Presented by the Laurens County Historical Society, Dublin, Georgia. For questions and information, please contact Scott B. Thompson, Sr. at

Tuesday, June 25, 2013


       With seventy summers behind him, William “Tee” Holmes, was forever young. Beneath that graying hair was still the same boyish face and the same impish grin.  Rarely did anyone ever walk away from him without a smile on their face.  Few people I have known have been so admired and loved by so many.

  Tee Holmes never knew his daddy.   They were both cut from the same cloth of one of Laurens County’s oldest families.  One was called “Willie T.,” the other simply, “Tee.”  And, they were both lieutenants.  

Willie T. Holmes joined the Georgia National Guard before his 20th birthday.   Holmes was transferred to  the 77th Division, which was heavily engaged in the siege of Guam and the deadly Battle of Leyte Gulf, where 1st Sergeant Holmes received a battlefield commission to 1st Lieutenant  for his heroic actions. 

The 77th was sent into Ie Shima, Okinawa to root out entrenched Japanese fortifications.  Before dawn on April 21, 1945, Japanese soldiers counter attacked in mass.  Holmes’  company, holding the left wing of the battalion’s position,  was overrun. The entire company was nearly wiped out.  Among the dead was Willie T. Holmes.  Several years later in the late 1940s, Willie’s body was brought home for burial in Northview Cemetery.  Willie’s brother took Willie’s son down to the depot to meet the train.  “I never knew my father,” said the boy.  “I knew it was a sad day.”

That young boy, born in the middle year of World War II, was William T. Holmes, forever known to all that knew him  as “Tee.”  “Tee” grew up in the in the Fabulous Fifties, the last decade of American innocence.  He lived on the edge of downtown Dublin and knew every spot in town and the places to have fun.  

“One of my friends threw a firecracker into what he thought was an empty drum at Laney’s Service Station,” “Tee” remembered.  “All of a sudden, it went ‘ka-boom!”  The empty drum was filled with something that exploded.  “We spent most of our Saturdays at the Martin Theater,” “Tee”  fondly remembered of the days when he and his friends roamed the town looking for fun things to do.   “There was always something to do downtown.”  Tee graduated from Dublin High School in 1961.  

“Tee,” after his graduation from Dublin High in 1961 and Middle Georgia College,  joined the Marine Corps and trained as a helicopter pilot.  In his book “Bonnie Sue, A Marine Corps Helicopter Squadron in Vietnam,” Marion Sturkey described “Tee” as  having a slow and nasal southern drawl, which no one could ever mistake as coming from a Yankee.  “ ‘Tee’ loved to play his guitar and sing.  In times of real and perceived crises, he always wore his perpetual and impish grin,” Sturkey fondly remembered.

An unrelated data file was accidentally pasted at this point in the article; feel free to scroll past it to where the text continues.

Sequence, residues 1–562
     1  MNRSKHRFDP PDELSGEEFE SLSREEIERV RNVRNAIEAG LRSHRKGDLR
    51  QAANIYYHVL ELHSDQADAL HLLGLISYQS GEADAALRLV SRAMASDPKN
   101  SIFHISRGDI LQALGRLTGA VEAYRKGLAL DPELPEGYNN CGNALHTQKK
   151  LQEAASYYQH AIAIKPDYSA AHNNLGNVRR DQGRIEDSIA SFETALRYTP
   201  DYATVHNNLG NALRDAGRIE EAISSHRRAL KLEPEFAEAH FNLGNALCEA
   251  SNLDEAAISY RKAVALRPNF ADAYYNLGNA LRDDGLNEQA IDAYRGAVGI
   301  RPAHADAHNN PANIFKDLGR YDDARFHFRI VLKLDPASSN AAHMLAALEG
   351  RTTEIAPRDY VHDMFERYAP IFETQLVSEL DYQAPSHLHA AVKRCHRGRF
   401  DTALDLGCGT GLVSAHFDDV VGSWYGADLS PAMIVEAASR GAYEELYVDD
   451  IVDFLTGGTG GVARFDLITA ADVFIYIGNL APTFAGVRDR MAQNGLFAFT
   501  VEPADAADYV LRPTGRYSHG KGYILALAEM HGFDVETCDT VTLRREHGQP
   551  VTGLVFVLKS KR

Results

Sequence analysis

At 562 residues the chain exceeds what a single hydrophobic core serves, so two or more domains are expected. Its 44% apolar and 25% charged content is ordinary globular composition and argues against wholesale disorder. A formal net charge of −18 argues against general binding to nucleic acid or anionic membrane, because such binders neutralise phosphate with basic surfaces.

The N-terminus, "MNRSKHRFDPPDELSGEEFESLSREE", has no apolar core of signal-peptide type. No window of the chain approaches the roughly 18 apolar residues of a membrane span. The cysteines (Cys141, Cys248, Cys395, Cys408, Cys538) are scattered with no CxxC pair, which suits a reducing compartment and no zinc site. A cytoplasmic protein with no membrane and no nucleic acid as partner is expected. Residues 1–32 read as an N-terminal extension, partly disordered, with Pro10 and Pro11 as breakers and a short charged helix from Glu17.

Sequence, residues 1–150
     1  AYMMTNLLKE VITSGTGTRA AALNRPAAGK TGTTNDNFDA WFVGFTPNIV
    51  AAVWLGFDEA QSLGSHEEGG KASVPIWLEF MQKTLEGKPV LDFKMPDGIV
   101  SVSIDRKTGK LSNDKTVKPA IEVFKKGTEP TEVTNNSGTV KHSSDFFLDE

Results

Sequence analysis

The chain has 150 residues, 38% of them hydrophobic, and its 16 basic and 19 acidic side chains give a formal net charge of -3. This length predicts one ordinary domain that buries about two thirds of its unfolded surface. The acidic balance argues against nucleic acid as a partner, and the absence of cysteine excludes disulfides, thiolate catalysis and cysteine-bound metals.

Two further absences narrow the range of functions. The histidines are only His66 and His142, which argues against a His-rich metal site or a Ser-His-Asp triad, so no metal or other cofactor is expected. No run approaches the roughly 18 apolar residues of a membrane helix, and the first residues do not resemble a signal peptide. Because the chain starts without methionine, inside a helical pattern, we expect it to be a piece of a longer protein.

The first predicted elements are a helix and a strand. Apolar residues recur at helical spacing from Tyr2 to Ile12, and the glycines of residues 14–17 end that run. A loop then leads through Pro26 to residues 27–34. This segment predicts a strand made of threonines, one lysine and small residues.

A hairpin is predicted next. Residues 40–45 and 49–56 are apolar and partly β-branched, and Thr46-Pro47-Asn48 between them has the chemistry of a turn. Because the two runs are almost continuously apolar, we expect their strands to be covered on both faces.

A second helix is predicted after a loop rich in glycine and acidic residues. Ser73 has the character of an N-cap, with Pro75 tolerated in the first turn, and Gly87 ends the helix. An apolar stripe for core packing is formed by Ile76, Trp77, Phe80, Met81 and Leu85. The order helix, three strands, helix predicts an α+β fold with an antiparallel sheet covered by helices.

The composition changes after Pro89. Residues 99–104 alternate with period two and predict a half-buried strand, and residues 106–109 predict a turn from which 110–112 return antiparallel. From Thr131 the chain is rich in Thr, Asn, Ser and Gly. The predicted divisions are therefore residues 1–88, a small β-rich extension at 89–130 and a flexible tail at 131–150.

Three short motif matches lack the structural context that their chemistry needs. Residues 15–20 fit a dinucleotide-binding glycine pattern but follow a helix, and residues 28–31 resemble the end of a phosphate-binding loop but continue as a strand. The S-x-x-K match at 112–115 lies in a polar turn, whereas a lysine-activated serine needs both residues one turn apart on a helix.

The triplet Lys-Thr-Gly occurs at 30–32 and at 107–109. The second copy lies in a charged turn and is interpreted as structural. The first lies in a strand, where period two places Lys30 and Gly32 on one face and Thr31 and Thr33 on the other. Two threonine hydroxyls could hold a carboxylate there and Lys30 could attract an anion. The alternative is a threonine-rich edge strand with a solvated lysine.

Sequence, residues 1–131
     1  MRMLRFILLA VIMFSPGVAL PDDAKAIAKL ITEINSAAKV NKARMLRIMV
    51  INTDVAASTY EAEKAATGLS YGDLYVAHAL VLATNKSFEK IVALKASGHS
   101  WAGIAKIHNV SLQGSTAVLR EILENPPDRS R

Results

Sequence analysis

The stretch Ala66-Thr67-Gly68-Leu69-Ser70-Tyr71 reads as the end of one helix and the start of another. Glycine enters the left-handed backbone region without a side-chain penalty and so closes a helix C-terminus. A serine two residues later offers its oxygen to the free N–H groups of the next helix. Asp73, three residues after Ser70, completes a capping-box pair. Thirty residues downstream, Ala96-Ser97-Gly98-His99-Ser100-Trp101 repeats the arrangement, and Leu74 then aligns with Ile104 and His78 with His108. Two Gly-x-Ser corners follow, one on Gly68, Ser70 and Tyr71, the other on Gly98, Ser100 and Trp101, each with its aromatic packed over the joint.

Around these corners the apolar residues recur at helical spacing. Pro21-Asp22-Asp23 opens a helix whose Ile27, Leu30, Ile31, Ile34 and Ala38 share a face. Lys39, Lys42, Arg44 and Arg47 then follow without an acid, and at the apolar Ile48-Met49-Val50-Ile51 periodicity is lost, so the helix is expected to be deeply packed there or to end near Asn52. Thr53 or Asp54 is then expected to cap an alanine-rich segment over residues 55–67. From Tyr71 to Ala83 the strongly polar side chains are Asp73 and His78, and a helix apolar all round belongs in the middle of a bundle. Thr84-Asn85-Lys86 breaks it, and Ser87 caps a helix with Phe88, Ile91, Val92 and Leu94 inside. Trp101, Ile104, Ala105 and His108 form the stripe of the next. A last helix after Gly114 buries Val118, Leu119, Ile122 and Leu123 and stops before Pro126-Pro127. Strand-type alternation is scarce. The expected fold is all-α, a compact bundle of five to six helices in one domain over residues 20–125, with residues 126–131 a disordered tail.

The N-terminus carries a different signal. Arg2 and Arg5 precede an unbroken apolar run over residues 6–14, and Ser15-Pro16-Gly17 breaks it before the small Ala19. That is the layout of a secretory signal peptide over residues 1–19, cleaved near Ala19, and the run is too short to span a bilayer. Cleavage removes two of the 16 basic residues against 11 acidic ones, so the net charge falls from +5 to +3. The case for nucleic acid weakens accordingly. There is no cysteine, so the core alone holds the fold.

In early December 1965, “Tee” was sent to Vietnam.  When he arrived, he was told he would replace his friend Lt. Johnson, whom he had seen only eight days before back in the states.  “Tee” was devastated when he learned that his buddy had been killed in action in his first week in Vietnam.  “Tee” was assigned to HMM-64 to fly UH-34 helicopters.  Since “Tee” hadn’t flown a UH-34 in three and half months, he was told to wait and to go back to Okinawa for more training before he could fly any missions.  An operations officer came in the room looking for a copilot to fly on a “milk run” to Da Nang.  “Tee” felt comfortable in the UH-34, so he volunteered to go along for the experience, a decision he soon came to regret.

On the morning of December 8, 1965, the copter, with Capt. Jim Givan in command, took off for Da Nang.  It was raining.  Fog cut the visibility way down.  Givan and Holmes piloted the helicopter at a low altitude, just far enough off the coast as to avoid ground fire.  The weather took a turn for the worse.  While winds were gusting up to thirty-five knots, the flight to Da Nang was completed without any incident.  The crew unloaded their cargo, helicopter parts and equipment, and the necessary liquids, eighty cases of beer, before returning to their base.  The weather went from bad to worse.  Clouds had dropped down to two hundred feet above sea level.    While flying just above the wave tops with automatic controls, something went wrong, terribly wrong.

Tee (left) and his buddies in Vietnam

With no warning of any kind, the engine died.  Enemy fire from the beach riddled the air craft.  Being less than two hundred above the water level, there was no time to get out.  Within seconds, the UH-34 hit the water.  “Tee was the last one of the crew to safely exit the aircraft.    “I struggled for some time before I realized I had not released my seat belt and shoulder harness.  I was going to the bottom.  When I finally got out, it was a long way to the surface and it seemed an eternity to get there,” remembered Holmes.  The waves were eight feet high.  The salty ocean spray pommeled the four crew members.  The men were scattered and not able to see each other unless they were on the crest of wave at the same time.  The other ships in the flight returned to pick up their comrades.  The men in the water were in a dilemma.  If they waved their arms, they would alert the gunners on the beach.  If they didn’t, they might not be seen.  “It was an easy choice, I waved and splashed like a maniac!”  “Tee”, the captain, and the crew chief, Sgt. Glenn, were hoisted to safety.  Cpl. Corle, the gunner, didn’t make it. 

“Tee” survived his tour of duty in Vietnam.  After the war, Holmes worked a successful 25-year stint as a  sales representative of the Cram Map Company, followed by 17 years of service to Home Depot.